"Sewer System Evaluation Surveys Conducted in Industrial Sewers," describes the methods employed and the results of Sewer System Evaluation Survey studies conducted at two industrial complexes. The procedural techniques for locating and quantifying infiltration and inflow into sewer systems represented to provide a basic understanding of the steps required to complete such studies. Case studies of actual surveys conducted at two privately operated industrial plants in Tennessee are presented to illustrate the utilization of the investigative techniques. The results of the studies are compared with each other and with similar studies conducted in municipal sewer systems
Critical exposure pathways : an analysis of the environmental impact of gaseous effluents from light-water-cooled reactors by Robert Danna( )

1 edition published in 1979 in English and held by 1 WorldCat member library worldwide

The analysis of the environmental impact of routine radioactive gaseous releases from operating nuclear power stations is discussed using a radiation dose assessment. This analysis includes a discussion of the origin of radionuclide effluents, a discussion of federal policies, and a calculation of radiation doses to man. A model of estimating the radioactive dose from gaseous effluents from light-water-cooled reactors is described using guidelines described in the Code of Federal Regulations and the Nuclear Regulatory Commission's Regulatory Guides. The environmental impact of these sources is then analyzed using dose rates calculated along critical exposure pathways for various radioactive nuclides. Examples are given using factors that have been heretofore documented in the literature. The major radionuclides in the airborne effluents from a PWR, used as an example are noble gases, H-3, radioiodines, and radioactive particles. The results from the methodologies described in this paper are compared to federal radiation limits
Rapid mixing in water and wastewater treatment by Randall C Rector( )

1 edition published in 1972 in English and held by 1 WorldCat member library worldwide

An industrial wastewater treatment review for the textile and and pulp and paper industries of Srilanka by Kolonne A Wijeratne( )

1 edition published in 1976 in English and held by 1 WorldCat member library worldwide

A legislative authority empowered to protect Srilanka's environment, operating similarly to the Environmental Protection Agency of the U.S., is needed, along with wastewater treatment. Wastewater parameters of importance in treatment are BOD, COD, total suspended solids, settleable solids, pH, colour, turbidity, ammonia or nitrate nitrogen, heavy metals, sulfides, phosphates, and phenols. Methods of industrial waste treatment vary depending on the climatic conditions, the industry, raw materials, and process adopted. Textile and pulp and paper industries exist in Srilanka and have very high pollution potential. Methods of treatment to finally generate reasonably good quality effluent are available. Processing of effluents from these type industries together with municipal sewage is feasible and economical. Due to the complex nature of the composition of industrial wastes, a final decision could only be made after a thorough investigation of the industrial complexes, the methodology used, and pilot plant studies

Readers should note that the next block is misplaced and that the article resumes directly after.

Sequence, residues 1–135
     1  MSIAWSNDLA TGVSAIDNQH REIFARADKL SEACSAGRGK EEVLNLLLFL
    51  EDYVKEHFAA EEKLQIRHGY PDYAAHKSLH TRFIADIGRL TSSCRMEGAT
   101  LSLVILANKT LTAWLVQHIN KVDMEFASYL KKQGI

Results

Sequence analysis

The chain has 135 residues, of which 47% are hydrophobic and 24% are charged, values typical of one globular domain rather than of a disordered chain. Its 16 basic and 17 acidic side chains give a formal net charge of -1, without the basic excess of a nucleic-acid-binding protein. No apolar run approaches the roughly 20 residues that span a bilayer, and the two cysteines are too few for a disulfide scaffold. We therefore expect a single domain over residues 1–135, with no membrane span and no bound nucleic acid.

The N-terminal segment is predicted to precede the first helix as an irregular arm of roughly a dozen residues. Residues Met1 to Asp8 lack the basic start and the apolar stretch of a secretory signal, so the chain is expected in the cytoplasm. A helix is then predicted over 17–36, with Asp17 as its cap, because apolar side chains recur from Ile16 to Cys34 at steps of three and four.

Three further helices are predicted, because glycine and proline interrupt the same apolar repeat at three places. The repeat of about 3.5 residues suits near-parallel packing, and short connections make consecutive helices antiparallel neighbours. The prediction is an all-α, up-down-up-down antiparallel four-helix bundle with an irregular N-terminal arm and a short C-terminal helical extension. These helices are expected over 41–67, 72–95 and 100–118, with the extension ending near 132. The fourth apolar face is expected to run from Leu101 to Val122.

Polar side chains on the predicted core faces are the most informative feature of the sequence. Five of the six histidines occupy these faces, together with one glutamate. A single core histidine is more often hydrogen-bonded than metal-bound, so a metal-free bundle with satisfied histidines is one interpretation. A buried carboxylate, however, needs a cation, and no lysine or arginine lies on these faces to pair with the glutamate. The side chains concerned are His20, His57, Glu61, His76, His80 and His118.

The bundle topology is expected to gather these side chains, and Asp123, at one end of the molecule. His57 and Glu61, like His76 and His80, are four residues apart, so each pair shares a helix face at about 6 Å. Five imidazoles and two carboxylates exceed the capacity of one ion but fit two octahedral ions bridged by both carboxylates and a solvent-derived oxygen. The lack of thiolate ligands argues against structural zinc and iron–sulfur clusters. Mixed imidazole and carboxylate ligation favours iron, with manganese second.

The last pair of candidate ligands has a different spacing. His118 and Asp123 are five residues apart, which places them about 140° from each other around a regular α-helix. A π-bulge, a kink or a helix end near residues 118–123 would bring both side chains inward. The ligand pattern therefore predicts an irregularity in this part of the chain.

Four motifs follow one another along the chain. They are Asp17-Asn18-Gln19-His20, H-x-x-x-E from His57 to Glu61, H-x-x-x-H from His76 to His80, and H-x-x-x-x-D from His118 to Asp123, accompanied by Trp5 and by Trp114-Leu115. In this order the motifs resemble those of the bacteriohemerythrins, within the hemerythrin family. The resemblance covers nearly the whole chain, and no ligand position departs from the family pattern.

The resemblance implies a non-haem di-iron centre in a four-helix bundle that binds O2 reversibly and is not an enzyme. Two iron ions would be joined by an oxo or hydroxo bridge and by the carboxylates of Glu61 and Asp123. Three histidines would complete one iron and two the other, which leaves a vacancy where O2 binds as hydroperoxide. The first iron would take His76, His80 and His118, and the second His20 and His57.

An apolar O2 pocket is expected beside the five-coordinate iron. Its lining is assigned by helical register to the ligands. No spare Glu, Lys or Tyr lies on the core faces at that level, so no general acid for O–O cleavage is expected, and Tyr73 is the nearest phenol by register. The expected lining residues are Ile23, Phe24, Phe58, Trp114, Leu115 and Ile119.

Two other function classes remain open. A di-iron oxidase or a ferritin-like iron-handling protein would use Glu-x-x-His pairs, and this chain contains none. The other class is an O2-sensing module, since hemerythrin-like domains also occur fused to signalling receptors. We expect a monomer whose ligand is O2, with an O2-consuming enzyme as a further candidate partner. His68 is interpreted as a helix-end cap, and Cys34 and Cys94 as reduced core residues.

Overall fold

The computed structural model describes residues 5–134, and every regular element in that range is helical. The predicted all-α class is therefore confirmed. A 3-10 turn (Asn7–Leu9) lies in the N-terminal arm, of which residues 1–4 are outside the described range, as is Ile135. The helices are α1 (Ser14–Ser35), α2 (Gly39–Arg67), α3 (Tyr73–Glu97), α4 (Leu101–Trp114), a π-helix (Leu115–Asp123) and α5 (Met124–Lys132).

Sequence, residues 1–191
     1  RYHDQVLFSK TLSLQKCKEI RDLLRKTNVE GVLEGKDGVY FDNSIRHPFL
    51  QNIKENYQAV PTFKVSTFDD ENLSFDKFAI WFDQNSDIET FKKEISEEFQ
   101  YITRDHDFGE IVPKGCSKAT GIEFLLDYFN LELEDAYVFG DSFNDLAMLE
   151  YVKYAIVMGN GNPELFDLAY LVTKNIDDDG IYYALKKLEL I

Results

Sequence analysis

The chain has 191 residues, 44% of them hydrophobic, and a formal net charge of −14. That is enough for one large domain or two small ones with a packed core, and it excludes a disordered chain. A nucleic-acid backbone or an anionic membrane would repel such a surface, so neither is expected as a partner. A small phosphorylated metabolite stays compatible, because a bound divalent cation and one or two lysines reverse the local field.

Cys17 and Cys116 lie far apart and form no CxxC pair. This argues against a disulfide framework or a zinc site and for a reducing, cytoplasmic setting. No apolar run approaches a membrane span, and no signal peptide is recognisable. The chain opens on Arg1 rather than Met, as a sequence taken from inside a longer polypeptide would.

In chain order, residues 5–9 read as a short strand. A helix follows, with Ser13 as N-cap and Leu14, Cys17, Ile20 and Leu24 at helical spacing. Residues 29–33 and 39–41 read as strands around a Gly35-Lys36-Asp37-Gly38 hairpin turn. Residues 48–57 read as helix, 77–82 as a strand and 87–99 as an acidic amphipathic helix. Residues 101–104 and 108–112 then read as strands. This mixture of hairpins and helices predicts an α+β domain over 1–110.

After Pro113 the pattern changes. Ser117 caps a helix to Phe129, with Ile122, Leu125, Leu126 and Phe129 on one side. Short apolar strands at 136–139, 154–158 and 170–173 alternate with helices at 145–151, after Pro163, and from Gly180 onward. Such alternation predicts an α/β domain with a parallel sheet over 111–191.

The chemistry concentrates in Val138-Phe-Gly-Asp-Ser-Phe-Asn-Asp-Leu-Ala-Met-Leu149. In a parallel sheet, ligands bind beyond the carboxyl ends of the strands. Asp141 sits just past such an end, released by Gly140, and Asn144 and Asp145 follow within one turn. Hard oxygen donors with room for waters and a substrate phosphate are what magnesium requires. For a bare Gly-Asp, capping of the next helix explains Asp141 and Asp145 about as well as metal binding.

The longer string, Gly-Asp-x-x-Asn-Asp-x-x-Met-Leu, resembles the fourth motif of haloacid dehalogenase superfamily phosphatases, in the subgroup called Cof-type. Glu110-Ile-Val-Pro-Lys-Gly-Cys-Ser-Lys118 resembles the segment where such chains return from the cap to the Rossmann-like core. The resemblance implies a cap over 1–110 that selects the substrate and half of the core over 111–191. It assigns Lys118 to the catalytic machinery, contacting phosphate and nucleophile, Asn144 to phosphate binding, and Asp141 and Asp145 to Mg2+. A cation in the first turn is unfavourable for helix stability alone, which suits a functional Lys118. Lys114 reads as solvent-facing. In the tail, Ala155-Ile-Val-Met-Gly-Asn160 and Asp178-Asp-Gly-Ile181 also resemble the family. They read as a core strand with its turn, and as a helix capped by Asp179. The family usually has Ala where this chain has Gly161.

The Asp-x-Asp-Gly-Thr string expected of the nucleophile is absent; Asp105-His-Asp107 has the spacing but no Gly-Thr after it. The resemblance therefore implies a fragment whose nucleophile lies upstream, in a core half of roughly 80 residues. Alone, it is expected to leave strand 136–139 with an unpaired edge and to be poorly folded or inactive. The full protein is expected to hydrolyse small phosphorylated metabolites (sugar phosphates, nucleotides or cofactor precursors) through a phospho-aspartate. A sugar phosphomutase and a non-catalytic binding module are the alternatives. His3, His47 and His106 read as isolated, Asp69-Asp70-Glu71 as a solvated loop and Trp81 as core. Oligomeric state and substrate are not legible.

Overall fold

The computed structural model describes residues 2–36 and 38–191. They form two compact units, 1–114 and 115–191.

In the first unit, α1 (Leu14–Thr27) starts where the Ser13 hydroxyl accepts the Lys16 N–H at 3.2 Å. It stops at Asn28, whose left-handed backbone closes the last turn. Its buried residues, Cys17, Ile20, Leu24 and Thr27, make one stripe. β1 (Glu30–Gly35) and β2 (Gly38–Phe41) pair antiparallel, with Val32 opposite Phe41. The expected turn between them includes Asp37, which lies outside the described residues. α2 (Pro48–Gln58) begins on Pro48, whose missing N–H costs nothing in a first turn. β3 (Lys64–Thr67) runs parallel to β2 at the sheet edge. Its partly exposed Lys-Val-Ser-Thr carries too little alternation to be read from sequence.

Safety and environmental effects of nuclear power plants by Raymond E Schweikart( )

1 edition published in 1973 in English and held by 1 WorldCat member library worldwide

The nuclear power plant has given new direction to power generation. It offers a new source of heat. The heat can now come from the fission of atomic fuel and not from the burning of fossil fuel. Safety and protection from the possible hazards of radioactivity generated by nuclear power plants is a completely new and untested area. Emergency systems and over designed construction are only part of what has to be done to make absolutely certain such accidents, if they occur, will be contained allowing no harmful radioactivity to reach the environment. Handling of radioactive wastes is very critical in a nuclear power plant. These wastes have to be stored in protective containers and transported to predetermined storage sites. At these sites the containers of radioactive wastes are lowered into large salt mines. Licensing and regulation of nuclear power plants during construction and operation is the responsibility of the Atomic Energy Commission. The five member federal panel has issues strict requirements that must be met in each step in the process of obtaining permits and licenses, construction, and generation
An investigation of fabric filtration for the removal of colloidal turbidity from a laboratory water by David Brent Jansen( )

1 edition published in 1980 in English and held by 1 WorldCat member library worldwide

A kaolin in tapwater suspension was treated either with alum or one of two cationic polymers. The resulting suspension was filtered through various configurations of felt cloth filters. The kaolin suspension was adjusted to 100 JTU. Treatment by polymer consistently lowered the filtered effluent to less than 1 JTU. Jar tests were utilized to determine optimum coagulant dose for the tests. The formulation of a complete filter cake in the filter appeared to be the determining factor in the efficiency of water clarification by the filter. The literature lacked references to this concept as applied to water supply problems. The results of this report suggest that continuous filtration should now be examined
 
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Megabyting my mind : 59 plug-ins to add power
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Boys to men : stories of men who served aboard the USS Perkins during World War II
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English (24)